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Just Cause 4 Review: A playground missing some kick

It’s the end of the year and Avalanche Studios has once again left a Just Cause game boxed up under the Christmas tree. Rico Rodriguez returns with Just Cause 4 as another fun way to wrap up a fantastic year of video games. The fast-paced action open world that the series is known for lets you cause destruction across the map while not taking itself very seriously. Although Just Cause 4 is a lot of mindless fun to play, a lot of my criticisms from 2015’s Just Cause 3 are still present this time around.

Set a few years after the events of last game, Rico Rodriguez discovers that his late father was working for the mercenary group he has been battling over all these years, The Black Hand. This journey to find some answers ends up taking him to a fictional South American country called Solis which is the home of this merciless army.

Solis is a massive sandbox to mess around in. With four different biomes split across grasslands, rainforests, deserts, and alpines there is plenty of area to explore and most importantly things to blow up. Rico recruits members into the Army of Chaos, a faction which is used to push back The Black Hand’s grip over Solis. The country is split up into regions and as you complete missions and cause destruction across Solis you’ll gain additional squads that can be used to infiltrate a region and move the Army of Chaos’ frontline forward to secure more land.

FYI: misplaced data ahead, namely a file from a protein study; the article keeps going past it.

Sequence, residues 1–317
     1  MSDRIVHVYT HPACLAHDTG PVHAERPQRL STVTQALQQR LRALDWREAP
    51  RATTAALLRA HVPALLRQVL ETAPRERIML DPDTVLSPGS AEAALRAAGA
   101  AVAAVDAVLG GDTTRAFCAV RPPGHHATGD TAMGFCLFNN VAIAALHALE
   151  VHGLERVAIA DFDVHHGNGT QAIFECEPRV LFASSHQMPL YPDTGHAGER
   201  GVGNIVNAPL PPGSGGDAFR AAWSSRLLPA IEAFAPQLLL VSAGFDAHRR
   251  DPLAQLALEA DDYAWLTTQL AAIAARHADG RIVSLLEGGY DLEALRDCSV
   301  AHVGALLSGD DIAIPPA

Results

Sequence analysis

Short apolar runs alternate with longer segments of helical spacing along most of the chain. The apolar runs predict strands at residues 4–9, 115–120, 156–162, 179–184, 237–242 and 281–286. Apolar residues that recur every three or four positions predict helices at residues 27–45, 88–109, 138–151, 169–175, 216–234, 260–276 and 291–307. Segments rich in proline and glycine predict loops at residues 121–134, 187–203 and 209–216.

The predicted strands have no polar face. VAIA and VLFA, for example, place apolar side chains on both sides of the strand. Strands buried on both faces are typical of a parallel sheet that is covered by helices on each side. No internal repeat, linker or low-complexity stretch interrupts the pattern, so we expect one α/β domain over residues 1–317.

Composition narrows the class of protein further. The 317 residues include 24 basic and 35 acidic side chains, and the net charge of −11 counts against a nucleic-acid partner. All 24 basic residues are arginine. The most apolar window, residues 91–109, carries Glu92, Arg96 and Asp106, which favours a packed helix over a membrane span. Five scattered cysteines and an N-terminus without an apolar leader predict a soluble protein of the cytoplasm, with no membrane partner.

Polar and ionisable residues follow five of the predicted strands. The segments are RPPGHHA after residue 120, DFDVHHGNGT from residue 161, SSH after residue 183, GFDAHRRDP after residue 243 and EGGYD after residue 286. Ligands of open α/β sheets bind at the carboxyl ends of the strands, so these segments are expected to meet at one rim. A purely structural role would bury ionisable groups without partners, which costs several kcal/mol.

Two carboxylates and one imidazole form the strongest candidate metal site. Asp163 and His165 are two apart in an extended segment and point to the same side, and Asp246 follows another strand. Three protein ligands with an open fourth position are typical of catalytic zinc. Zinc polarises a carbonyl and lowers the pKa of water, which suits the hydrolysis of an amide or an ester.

Just Cause 4 looks great and runs fantastic — at least on the PC version we used for review. Load times are superb; apart from the initial load into the game, it’s ridiculously quick afterward getting into missions or fast traveling around the map. There is a progress bar but it hardly gets a chance to be seen before you’re being thrown out of a plane hundreds of meters in the air. The only technical issues I experienced were things randomly spawning or popping in to the world at last moment — usually vehicles, people, or animals.

Rico’s familiar utilities return including his parachute, wingsuit, and grappling hook which allows him to quickly manoeuvre the environment. In order to help his destructive path, the Retractor and Booster gadgets are once again available to use. The Retractor lets Rico tether two objects together which then reels themselves in. The boosters can be attached to things to give them an added jolt of speed, or have them blast off in a certain direction. Thrown into the mix this time is the Air Lifter gadget, that can be latched onto objects and inflated to lift them off the ground.